A Bright Future
Innovation is disrupting the entire healthcare continuum, creating opportunities for Medical Affairs in new and exciting places, says BMS’ Lav Parvathenani.
There has never been a better time to work in Medical Affairs. The disruptive technologies transforming every aspect of healthcare – from big data to precision medicine – will change the rules of engagement with pharma’s customers, creating new and exciting opportunities in the future. What’s more, health technologies are having a huge impact on patients’ lives, perhaps the greatest impact in the history of medicine.
These are the opinions of Lav Parvathenani, Director, Hematology Publications and Scientific Content,ent, at Bristol-Myers Squibb. “This is an incredibly exciting time to be in Medical Affairs,” he says. “We are at the start of an amazing revolution and we are at the forefront of it all.”
Any fears of a dystopian future are unfounded, he says. “While it’s really hard to predict ‘technology destruction’ in the long term – and, in some cases, even in the short term – the sheer amount of innovation means that jobs we couldn’t imagine existing ten years ago will be created and existing jobs will evolve in new ways. The entire function is going to be more dynamic as roles and skillsets change, all through the revolution in medicine and technology, which are feeding into each other.”
Innovation is arising in both directions, as health companies experiment with technology and tech companies experiment with health, says Parvathenani. Wearable technology offers the opportunity to capture patient-reported outcomes in a “new way” in real time and continuously as opposed to a periodic paper or electronic questionnaire of today.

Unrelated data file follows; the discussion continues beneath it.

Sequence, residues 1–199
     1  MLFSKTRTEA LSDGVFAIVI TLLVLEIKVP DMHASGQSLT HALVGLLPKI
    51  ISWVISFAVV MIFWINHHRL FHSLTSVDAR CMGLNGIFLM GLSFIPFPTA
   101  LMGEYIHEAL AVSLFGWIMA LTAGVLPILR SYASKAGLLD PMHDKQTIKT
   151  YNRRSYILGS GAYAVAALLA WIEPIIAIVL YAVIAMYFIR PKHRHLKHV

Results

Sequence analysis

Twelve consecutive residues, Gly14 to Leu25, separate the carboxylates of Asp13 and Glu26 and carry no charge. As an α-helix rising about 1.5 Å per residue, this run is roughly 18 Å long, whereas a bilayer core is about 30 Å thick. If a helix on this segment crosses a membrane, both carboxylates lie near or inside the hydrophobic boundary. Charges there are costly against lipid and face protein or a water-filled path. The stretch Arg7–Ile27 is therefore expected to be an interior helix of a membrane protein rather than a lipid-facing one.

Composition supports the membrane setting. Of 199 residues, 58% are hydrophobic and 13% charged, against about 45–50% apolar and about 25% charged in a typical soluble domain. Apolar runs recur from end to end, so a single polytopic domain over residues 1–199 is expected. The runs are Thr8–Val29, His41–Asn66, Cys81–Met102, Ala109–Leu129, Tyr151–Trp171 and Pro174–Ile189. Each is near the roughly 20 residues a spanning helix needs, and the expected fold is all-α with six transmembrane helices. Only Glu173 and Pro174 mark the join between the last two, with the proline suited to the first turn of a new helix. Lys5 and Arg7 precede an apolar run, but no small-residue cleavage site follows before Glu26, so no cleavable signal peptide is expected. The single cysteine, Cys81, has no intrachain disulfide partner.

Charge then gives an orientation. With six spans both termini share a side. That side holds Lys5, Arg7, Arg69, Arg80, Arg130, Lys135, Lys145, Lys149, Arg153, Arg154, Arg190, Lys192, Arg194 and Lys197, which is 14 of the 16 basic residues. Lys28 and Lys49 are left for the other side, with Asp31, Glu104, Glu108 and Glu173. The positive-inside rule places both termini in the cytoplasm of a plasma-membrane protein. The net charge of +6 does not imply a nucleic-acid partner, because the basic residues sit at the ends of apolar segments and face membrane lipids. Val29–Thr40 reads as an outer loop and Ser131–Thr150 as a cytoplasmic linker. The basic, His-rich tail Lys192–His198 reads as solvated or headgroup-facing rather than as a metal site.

Technological developments are allowing greater collection of real-world evidence, generating valuable insights for Medical Affairs. “10 to 15 years ago, our involvement of real-world evidence was very small but it’s importance has grown, and I can see it becoming even more so going forward.” (For more on how Medical Affairs is using RWE, see Get Real on page 4).
As partnerships are built between pharma and tech firms, Medical Affairs is facing many new opportunity for innovation, says Parvathenani. “How do we partner with these groups to find out what works and what doesn’t?” he asks. “Because there’s truth and there’s hype and it can be difficult to sort out what will be beneficial going to work from a medical affairs perspective.”
The seismic shift has been the change in the flow of information – customers who were dependent on sales reps and medical teams for their information even 5-10 years ago, are now able to get it from the web, including third-party sources like webMD, Medscape and the ever-popular wikipedia. The challenge, however, has been finding the right information in the midst of inaccurate and incomplete information found on the web, he says.
Knowledge might be power, but there can be too much of a good thing. “Physicians have less time as they are doing many more things than just treating patients, plus they’re being bombarded by information.”
Effective data mining that can filter and analyze research to provide synthesized medical information is a promising solution, says Parvathenani. “You have hundreds of oncology clinical trials going on at any one time, across many types of cancer. An average physician cannot keep up with even a fraction of this information. A good AI-based interface, using a certain patient’s parameters, can pull out relevant information.”
He hopes that, by acting as the interface between healthcare professionals and the continuing evolution in technology and precision medicine, Medical can continue to provide value well into the future.
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